Can You Really Save Money By Building A Green PC?

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Despite misconceptions about green computing, a do-it-yourself solution can offer both cheaper build and power costs than conventional alternatives. Some erroneously claim that the power saved won’t amount to the cost of the build, but the math shows rather large savings over the lifespan of a computer, especially for Europeans. In my experiment, I built a 15-watt desktop computer, which provides decent performance as a media center, web browser and light gaming machine.

Assuming the computer operates for eight hours a day with electricity costing $0.15 per kilowatt/hour (kWh), the cost of powering it comes out to $6.57 a year. My green machine cost only $250 to build. A beefier machine, such as a $500 Gateway DX4870-UR3D desktop, for example, consumes around 70 watts, costing $30.66 per year. Over a four-year upgrade cycle, you would save $96.36 in power costs by using a greener machine, in addition to $250 in components. For many European and Asian countries, this number increases dramatically.

On the downside, less watts means less raw processing power – but if you don’t require a heavy duty computer, and tablets don’t do it for you, a greener PC build might be exactly what you need.

This article covers some of the build decisions that I made. I also cover the power costs of an eco-friendly computer, compared to a standard 70-watt desktop.

Building an Eco-Friendly PC

Throwing together an efficient, eco-friendly PC requires both software and hardware optimizations. I elected to go entirely fanless, which saves a substantial amount of power during periods of operation. Fans typically require around 3-5 watts each. The ATX (desktop) specification calls for 3 fans, meaning a drain of 9-15 watts. I also elected to use a highly efficient power supply, which converts from wall current at over 96% efficiency, 70% being standard. Building a highly efficient computer isn’t very difficult, either.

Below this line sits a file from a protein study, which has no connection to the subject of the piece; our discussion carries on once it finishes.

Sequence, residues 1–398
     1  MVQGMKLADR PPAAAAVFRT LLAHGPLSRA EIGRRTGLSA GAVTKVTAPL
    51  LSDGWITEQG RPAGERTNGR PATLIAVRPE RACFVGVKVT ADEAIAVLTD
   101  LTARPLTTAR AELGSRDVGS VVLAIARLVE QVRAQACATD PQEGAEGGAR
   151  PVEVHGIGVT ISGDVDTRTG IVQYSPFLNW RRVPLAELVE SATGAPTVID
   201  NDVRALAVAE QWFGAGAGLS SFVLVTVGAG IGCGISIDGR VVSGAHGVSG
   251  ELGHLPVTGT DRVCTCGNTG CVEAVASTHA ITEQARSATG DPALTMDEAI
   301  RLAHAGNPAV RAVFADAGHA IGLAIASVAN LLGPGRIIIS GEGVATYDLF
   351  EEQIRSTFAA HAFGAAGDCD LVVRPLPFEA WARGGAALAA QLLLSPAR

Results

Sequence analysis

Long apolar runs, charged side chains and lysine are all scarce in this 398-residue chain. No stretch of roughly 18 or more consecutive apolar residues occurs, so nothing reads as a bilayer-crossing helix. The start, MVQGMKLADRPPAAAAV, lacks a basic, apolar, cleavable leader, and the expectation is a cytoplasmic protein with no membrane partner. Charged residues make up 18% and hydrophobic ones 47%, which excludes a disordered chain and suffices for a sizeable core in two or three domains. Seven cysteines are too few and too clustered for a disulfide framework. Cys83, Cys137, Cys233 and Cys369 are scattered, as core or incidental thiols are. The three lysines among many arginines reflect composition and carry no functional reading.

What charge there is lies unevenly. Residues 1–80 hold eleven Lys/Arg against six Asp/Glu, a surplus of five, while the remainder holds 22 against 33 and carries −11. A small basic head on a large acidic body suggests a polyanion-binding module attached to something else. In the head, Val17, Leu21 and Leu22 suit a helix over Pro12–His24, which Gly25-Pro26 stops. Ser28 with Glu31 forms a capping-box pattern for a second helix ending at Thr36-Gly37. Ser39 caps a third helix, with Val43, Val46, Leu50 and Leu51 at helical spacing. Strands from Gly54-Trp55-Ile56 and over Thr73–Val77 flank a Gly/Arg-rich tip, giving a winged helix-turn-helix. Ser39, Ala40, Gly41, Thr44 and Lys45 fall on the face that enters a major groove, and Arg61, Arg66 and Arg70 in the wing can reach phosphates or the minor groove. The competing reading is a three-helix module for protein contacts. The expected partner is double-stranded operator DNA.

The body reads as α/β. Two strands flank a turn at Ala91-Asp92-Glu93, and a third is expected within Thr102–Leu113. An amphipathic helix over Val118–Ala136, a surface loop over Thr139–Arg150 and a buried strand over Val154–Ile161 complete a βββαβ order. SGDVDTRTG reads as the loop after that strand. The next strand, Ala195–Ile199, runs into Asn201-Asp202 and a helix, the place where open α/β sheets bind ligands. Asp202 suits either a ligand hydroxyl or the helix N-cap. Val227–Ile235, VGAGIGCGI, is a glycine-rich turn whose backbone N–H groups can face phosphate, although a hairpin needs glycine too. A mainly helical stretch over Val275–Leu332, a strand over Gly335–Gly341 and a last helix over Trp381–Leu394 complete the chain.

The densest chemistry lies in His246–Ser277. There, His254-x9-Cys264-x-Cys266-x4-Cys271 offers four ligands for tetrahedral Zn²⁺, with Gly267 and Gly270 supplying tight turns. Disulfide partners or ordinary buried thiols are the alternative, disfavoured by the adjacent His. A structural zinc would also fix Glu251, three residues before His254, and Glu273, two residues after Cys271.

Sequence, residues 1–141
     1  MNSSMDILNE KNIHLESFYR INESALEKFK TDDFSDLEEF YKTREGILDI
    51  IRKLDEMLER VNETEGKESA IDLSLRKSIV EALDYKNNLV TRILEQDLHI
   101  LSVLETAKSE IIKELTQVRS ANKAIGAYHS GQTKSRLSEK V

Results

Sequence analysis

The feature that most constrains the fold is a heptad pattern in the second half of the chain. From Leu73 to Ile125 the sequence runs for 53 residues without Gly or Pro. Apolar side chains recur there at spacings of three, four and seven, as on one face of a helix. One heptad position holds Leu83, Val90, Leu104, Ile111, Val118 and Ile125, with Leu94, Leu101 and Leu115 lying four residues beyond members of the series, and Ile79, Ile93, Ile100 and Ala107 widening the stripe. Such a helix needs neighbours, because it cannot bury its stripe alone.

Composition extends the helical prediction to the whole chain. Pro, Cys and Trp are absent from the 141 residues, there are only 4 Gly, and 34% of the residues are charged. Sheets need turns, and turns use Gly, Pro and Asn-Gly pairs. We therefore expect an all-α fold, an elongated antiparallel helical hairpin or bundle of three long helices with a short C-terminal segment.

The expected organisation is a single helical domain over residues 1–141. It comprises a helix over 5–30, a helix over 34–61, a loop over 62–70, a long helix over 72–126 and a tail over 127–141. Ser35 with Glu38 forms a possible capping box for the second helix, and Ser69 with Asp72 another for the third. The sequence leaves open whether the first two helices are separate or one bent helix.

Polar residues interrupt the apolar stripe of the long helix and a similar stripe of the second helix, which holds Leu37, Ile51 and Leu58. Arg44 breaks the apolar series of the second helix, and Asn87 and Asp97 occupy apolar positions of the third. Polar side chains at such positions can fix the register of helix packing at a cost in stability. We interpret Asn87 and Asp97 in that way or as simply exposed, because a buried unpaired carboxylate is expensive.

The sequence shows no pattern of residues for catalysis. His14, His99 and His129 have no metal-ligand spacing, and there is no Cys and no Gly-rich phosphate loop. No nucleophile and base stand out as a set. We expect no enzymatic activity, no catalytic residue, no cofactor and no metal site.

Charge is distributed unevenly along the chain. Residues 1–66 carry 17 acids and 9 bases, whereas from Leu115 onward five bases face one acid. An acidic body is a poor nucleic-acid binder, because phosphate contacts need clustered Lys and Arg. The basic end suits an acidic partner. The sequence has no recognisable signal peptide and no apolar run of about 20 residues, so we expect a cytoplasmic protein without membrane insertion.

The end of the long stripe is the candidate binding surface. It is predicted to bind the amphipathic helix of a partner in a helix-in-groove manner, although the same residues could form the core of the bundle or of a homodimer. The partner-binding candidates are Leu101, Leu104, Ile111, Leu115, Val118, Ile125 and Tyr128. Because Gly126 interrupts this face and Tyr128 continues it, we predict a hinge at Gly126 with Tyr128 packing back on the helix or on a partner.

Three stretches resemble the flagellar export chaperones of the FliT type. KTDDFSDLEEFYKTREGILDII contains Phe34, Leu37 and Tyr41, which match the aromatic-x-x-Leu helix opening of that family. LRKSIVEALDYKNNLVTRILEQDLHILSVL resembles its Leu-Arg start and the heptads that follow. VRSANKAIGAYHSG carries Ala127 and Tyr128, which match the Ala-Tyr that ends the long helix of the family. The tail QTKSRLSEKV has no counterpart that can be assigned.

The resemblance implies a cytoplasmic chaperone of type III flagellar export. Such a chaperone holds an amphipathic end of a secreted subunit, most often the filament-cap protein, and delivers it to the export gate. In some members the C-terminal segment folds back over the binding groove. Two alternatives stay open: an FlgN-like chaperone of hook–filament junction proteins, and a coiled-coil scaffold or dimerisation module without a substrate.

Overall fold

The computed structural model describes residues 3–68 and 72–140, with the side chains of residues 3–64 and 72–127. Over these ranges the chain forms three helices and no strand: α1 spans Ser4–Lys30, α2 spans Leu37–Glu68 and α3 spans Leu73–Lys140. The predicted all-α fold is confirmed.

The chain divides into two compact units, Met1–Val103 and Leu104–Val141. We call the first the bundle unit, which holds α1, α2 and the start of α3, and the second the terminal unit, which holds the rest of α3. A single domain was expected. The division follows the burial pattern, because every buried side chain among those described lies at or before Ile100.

I selected AMD’s Accelerated Processing Unit (APU) technology, which functions best with relatively large amounts of high-speed RAM (1866 MHz preferred, for cost reasons), offering efficient, although meek, graphics in price-performance ratios.

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The two best mini-ITX motherboards are Intel’s Bay Trail or AMD’s Kabini lines. To my knowledge, as of 2013, only ECS manufactures motherboards for either technology.

motherboard exposed


I use power prices throughout North America, Asia and Europe as a means of demonstrating how much money can be saved using power-sipping, eco-friendly builds. I also explain how little money it takes to build lighter desktop computer.

Build Costs

After some deliberation, I elected to orient the new build toward power efficiency and low-cost. Because I had already purchased a mini-ITX case, following a bungled experiment at building a powerful and efficient desktop, I already owned a case and power supply. My new build would aim toward functioning as a media center and light gaming rig, instead of a coding-rig.